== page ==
If you have been arrested for driving under the influence, you have probably realized that the costs of a DUI/DWI arrest are great, both emotionally and financially.
Emotionally, there is the shame of being arrested, of having to go to court, of dealing with the Department of Motor Vehicles (DMV), and of telling your family, maybe even your boss. The emotional and psychological costs of a DUI arrest are different for everyone, but when it comes to the money, everyone is in the same boat.
Even if you decide not to fight the charges against you, your finances will still take a big hit. The initial costs are the fines, penalties and surcharges. If it is required of you, it will also cost money to do the sheriff’s work program. You may also have to pay a fee to choose, within certain limits, when you serve your jail time so that it is the least disruptive to your life. There is also a program fee for enrollment in the alcohol classes and you will have to pay the DMV for reinstating your driver's license.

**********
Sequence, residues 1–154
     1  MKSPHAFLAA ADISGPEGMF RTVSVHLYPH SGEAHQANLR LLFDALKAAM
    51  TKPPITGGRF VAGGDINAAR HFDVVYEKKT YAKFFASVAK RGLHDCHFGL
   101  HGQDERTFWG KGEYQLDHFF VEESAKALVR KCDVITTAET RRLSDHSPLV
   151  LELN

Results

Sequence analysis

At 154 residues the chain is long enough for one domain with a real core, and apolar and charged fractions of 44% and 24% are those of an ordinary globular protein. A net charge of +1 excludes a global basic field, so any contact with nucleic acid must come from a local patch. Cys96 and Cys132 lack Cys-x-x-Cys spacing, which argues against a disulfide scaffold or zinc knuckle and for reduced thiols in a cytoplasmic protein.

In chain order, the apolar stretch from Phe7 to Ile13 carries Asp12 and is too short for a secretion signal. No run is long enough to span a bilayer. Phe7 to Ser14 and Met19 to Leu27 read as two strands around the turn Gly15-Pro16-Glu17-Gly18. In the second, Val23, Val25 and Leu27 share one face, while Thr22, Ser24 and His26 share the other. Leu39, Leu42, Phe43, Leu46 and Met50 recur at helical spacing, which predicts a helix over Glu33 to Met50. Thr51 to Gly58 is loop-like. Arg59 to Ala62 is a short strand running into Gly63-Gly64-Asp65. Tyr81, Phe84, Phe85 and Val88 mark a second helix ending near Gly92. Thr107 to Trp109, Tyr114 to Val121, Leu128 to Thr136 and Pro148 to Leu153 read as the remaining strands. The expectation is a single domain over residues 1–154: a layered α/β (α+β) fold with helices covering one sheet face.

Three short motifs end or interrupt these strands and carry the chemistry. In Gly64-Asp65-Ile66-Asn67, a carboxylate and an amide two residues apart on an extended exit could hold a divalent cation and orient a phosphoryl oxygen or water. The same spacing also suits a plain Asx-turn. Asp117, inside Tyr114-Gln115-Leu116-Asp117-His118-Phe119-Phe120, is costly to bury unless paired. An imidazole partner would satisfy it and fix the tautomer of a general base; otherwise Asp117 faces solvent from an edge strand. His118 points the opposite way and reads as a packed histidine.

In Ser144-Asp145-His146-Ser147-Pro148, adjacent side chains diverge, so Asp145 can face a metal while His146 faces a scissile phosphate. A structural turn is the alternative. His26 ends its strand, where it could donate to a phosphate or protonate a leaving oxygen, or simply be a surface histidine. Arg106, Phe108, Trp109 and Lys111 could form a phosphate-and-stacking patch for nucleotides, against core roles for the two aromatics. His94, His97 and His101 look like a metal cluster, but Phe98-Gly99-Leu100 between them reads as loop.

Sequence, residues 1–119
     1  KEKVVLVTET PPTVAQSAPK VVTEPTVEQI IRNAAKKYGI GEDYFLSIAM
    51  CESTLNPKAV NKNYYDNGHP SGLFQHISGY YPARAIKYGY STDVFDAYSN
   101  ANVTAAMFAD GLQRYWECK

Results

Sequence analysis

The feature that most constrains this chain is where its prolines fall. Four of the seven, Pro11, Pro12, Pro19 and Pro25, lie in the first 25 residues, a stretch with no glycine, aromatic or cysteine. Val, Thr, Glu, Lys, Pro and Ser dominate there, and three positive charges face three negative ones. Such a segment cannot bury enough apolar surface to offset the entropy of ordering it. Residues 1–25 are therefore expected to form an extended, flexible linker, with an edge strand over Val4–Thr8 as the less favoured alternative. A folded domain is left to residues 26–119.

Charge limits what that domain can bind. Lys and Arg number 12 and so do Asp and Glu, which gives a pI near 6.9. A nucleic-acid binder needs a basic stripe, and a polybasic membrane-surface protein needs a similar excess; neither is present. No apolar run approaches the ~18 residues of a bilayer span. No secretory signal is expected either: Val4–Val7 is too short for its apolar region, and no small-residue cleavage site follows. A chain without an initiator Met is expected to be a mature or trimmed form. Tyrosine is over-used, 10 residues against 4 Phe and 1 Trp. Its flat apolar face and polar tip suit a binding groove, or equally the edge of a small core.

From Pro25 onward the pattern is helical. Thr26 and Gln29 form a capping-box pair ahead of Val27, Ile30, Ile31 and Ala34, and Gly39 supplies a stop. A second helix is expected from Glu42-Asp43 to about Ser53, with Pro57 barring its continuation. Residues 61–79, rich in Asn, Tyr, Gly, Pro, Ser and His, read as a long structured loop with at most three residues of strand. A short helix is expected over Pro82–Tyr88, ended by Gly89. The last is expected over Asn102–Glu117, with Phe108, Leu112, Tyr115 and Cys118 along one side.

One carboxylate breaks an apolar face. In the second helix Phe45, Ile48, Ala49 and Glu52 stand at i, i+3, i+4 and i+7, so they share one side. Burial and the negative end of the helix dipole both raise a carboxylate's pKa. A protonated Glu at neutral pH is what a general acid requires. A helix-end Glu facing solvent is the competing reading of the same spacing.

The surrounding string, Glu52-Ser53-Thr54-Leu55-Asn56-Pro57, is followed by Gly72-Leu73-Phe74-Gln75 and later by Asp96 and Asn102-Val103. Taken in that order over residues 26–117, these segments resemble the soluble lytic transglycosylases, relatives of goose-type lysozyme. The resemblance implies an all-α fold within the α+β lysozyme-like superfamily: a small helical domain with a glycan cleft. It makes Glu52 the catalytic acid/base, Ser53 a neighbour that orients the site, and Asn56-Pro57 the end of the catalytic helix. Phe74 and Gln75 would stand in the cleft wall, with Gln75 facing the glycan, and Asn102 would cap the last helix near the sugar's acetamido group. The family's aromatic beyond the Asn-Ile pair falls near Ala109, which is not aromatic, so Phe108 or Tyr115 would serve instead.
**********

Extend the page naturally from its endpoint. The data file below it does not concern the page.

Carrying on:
It does not stop there. You may also have to pay for an ignition interlock device if the judge decides it is necessary. An ignition interlock device is basically a breathalyzer that is put in the steering column of your car. Unless it shows that your blood alcohol content (BAC) is below a certain level, the car will not start. Once the vehicle is running, you have to retest every fifteen minutes to one hour.
It also costs money when your license is taken from you when you are arrested. You will have a “temporary license” for 30 days, during which you can still legally drive a motor vehicle. Then there is a “hard suspension” for another 30 days when you cannot legally drive. If you are like most people, you will probably still need to get around, whether it is to and from work, your children’s school, the grocery store, and so on. You will not have to pay for gas, but public transportation is rarely free. If your license is ultimately suspended by the DMV, you can apply for a temporary drivers license, but there are fees to pay there too. If you continue to drive while your license is suspended, you will incur additional criminal charges and all the costs involved.
Another cost will be your insurance rates. After the DMV suspends your license, you will need to have a certain kind of insurance for three years before you can get your license back. If you can find an insurance company that provides it—not all do—this type of insurance is usually more expensive, as you would probably guess. Because this kind of insurance is a tell-tale sign of a DUI/DWI, some insurance companies will refuse to insure you in the future.